The role of teaching effectiveness in tenure and post-tenure decisions at small independent liberal arts colleges
The lack of data with respect to teaching effectiveness and its role in the evaluation of tenure and post-tenure decisions at small independent liberal arts colleges was addressed. A review of the literature provided definitions of effective teaching such that said concept could indeed be identified. The 281 members of the Council of Independent Colleges were analyzed utilizing a survey that investigated various aspects of tenure and post-tenure decisions. Specifically, data was obtained regarding the perceived role of teaching effectiveness in such decisions. Academic Deans were asked to provide information regarding what methods in particular were used to determine meritorious teaching. Of the 281 colleges, replies were received from 112. Most colleges (80.56%) that replied had long-standing tenure systems. There was no significant difference amongst the colleges with respect to academic nature, size or mission. All but one of the colleges with tenure systems identified and ranked teaching effectiveness as the most important criteria for tenure decisions. Scholarly activities and service to the college were ranked second and third respectively. All of the responding colleges stated they had some form of faculty development program. However, methods utilized to determine teaching effectiveness varied. The use of student evaluations seemed to be the method most often utilized. Deans commented that this was not always the least biased nor indicative of teaching effectiveness. It was concluded that while teaching effectiveness is considered the most important, at present adequate methods for evaluation of such are lacking.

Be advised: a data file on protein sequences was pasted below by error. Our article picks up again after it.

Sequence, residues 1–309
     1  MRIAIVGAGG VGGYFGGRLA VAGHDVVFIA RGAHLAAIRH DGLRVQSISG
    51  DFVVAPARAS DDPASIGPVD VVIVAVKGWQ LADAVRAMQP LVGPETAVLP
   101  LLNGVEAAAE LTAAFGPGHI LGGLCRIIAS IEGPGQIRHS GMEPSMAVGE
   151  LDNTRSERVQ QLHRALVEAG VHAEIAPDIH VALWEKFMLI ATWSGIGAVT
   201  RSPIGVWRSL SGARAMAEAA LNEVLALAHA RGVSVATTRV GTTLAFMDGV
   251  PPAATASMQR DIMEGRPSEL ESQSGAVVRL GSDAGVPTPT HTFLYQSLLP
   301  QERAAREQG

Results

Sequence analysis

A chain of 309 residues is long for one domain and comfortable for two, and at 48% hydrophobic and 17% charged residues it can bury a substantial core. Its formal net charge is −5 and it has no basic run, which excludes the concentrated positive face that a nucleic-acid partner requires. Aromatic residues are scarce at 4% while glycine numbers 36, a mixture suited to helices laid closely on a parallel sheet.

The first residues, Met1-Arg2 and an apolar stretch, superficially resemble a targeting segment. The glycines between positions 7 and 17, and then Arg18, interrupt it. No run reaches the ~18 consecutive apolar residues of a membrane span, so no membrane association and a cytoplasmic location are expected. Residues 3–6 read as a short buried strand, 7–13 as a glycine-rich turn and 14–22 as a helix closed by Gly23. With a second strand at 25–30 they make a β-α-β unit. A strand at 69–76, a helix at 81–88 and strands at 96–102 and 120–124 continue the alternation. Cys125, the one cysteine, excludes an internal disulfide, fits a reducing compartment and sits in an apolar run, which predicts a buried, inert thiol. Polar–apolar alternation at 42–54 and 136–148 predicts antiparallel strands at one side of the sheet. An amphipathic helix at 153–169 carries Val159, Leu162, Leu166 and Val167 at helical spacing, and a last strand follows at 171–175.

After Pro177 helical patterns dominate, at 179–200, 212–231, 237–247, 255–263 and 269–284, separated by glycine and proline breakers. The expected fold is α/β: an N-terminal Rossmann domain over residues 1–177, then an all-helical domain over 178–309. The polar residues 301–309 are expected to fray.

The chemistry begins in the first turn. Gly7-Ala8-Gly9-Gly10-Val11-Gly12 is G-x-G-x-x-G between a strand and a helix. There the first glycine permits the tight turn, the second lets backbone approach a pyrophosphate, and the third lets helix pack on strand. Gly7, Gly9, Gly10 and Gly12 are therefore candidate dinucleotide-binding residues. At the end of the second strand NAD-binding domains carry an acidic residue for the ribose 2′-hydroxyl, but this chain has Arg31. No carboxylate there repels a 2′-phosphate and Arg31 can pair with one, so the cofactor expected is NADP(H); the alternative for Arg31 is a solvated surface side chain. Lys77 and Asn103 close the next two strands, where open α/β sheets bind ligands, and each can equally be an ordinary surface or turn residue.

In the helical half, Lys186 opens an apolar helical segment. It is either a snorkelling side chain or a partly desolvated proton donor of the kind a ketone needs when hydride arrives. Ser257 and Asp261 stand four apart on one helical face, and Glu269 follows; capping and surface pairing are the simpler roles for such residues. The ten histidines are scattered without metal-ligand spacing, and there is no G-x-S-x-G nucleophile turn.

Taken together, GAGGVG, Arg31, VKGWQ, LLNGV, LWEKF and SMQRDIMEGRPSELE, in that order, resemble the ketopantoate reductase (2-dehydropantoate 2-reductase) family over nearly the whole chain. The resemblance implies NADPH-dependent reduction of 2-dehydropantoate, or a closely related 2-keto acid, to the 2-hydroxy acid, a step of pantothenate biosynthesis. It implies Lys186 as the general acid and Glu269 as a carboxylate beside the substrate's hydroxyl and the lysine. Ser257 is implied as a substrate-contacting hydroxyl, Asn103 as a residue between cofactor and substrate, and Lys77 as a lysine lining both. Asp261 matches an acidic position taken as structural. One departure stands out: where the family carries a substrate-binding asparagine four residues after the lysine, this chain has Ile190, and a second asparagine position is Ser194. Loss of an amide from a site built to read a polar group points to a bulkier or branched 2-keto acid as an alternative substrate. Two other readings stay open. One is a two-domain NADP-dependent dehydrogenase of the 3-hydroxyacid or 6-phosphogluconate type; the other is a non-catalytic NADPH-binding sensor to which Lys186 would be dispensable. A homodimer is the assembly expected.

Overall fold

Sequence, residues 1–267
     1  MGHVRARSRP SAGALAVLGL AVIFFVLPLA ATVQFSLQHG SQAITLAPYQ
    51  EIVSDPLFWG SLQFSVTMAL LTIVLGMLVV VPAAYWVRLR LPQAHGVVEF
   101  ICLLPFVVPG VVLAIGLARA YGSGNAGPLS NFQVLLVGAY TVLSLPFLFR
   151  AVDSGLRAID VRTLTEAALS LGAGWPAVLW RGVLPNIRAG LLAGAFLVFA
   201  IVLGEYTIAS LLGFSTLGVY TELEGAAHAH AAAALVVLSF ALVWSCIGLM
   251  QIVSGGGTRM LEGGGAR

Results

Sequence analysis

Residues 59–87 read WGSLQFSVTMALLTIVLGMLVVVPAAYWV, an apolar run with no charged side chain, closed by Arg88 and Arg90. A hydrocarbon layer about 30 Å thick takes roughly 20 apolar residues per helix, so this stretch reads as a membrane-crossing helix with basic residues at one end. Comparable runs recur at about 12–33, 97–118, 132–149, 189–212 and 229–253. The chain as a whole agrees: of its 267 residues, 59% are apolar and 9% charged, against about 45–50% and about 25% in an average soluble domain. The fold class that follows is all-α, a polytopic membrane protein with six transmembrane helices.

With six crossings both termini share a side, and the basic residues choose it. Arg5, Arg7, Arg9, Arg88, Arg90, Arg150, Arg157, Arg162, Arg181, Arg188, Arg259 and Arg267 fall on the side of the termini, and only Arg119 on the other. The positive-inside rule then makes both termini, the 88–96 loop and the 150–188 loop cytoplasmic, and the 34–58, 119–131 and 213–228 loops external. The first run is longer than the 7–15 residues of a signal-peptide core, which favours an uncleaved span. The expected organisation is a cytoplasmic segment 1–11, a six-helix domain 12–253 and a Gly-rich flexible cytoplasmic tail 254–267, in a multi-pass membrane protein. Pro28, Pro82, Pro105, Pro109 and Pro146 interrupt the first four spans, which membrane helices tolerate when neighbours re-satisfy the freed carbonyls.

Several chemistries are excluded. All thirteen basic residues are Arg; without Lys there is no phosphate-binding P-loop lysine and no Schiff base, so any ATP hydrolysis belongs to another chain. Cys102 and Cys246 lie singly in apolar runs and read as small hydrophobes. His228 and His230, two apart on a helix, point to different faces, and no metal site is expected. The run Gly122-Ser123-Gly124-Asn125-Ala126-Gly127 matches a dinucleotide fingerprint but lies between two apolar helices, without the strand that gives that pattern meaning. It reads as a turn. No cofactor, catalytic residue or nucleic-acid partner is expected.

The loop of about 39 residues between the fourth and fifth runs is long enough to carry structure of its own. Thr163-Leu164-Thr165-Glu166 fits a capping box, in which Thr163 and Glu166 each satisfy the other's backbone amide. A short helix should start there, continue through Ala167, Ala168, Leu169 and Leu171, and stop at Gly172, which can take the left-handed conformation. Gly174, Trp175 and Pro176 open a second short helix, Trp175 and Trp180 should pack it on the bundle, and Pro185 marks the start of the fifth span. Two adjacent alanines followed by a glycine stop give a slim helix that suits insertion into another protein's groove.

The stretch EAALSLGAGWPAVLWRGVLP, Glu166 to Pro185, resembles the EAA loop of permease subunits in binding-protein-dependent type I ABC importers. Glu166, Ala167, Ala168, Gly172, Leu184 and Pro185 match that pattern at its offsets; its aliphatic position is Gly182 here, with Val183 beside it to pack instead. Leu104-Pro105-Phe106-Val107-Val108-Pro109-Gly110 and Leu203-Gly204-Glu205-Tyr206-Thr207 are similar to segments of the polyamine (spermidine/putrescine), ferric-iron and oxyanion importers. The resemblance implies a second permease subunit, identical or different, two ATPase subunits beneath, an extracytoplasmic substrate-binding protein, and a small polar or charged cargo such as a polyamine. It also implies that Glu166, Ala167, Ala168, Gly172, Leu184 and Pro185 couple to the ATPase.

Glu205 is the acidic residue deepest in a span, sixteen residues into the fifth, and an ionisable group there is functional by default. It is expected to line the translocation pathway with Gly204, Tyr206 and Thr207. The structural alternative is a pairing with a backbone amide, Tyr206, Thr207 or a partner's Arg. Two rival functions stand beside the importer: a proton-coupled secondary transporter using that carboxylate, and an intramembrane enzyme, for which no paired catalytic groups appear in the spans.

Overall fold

Kathleen Rath Marr,
"The role of teaching effectiveness in tenure and post-tenure decisions at small independent liberal arts colleges"
(January 1, 2000).
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